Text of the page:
Andrea Peterson, author of On Edge: A Journey Through Anxiety, writes that the greatest risk factor for an anxiety disorder is not genetics, past trauma or stressful life experiences.
Simply, it’s being born female.
A study released over the weekend by Jean Hailes for Women’s Health, found that 40 per cent of Australian women have been diagnosed with an anxiety disorder or depression by a doctor or psychologist.
A “concerning” number expressed issues with sleep and reported, “worrying excessively about different things”.
For most of us, 40 per cent looks very much like two meaningless digits. We can’t quantify it – and we certainly can’t feel it. “Worrying excessively,” sounds clinical and emotionless, when anxiety is by it’s very nature emotional.
So what do those statistics actually look like?
They look like lying under your bed for hours at a time, yet feeling as though you’re tripping down a flight of stairs. It’s moving through the world believing you’re an empty vessel – watching yourself from above, convinced you’re in a dream.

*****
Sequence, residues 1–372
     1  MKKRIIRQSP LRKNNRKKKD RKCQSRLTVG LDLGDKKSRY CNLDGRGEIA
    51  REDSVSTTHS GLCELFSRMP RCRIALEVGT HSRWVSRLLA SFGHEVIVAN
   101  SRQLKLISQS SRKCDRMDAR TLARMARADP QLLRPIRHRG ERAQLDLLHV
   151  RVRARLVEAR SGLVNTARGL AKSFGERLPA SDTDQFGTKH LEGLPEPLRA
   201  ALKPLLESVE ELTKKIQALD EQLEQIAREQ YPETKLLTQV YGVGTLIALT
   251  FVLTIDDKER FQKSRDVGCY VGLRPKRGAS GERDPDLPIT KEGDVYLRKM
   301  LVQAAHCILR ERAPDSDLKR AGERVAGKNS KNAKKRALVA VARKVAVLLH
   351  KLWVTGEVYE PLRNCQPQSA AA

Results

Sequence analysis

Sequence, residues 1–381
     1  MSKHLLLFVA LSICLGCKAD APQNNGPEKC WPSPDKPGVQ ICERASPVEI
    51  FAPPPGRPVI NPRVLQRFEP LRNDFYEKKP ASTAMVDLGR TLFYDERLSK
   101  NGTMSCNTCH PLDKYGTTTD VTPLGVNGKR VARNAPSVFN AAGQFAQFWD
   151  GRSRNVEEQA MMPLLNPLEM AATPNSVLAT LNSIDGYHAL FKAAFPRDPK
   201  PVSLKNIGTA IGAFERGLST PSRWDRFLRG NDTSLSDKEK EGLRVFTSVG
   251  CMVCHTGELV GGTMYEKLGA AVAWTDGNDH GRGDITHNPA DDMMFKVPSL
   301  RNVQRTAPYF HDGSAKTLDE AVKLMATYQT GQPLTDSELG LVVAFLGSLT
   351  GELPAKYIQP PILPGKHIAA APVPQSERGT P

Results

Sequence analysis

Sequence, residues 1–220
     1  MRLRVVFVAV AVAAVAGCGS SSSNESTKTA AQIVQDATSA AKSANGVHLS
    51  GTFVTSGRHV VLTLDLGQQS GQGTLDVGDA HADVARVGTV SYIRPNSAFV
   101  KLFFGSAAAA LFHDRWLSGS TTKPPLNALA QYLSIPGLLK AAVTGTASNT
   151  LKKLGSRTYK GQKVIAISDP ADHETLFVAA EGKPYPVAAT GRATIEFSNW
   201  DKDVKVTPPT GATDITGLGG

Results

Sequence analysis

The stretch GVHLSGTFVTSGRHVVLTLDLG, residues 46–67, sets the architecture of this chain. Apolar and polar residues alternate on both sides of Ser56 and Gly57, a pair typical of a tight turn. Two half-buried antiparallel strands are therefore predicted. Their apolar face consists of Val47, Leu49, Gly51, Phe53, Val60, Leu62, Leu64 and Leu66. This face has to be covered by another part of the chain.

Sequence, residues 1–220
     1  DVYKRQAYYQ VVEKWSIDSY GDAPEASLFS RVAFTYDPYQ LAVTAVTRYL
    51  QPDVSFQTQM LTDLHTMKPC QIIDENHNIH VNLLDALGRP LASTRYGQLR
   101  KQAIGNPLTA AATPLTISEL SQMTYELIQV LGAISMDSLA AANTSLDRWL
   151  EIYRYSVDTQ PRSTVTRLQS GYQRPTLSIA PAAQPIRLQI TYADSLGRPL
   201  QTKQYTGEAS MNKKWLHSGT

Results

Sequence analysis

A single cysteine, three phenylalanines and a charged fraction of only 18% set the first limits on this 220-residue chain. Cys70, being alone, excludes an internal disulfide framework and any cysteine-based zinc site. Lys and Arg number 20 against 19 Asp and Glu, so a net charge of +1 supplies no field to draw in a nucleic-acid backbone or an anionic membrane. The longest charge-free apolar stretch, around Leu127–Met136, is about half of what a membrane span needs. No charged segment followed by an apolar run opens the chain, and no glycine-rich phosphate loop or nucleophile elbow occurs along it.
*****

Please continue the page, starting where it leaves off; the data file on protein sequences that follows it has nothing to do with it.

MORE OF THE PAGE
It’s chronic, unwavering guilt. It’s self-sabotage – preparing for things that matter to you and freezing. It’s lying awake in bed at 4am, feeling as though there’s a tonne of bricks on your chest. It’s hating yourself more than you’ve ever hated anyone. It’s believing a terrorist attack or a natural disaster is imminent. It’s wondering if these heart palpations will kill you.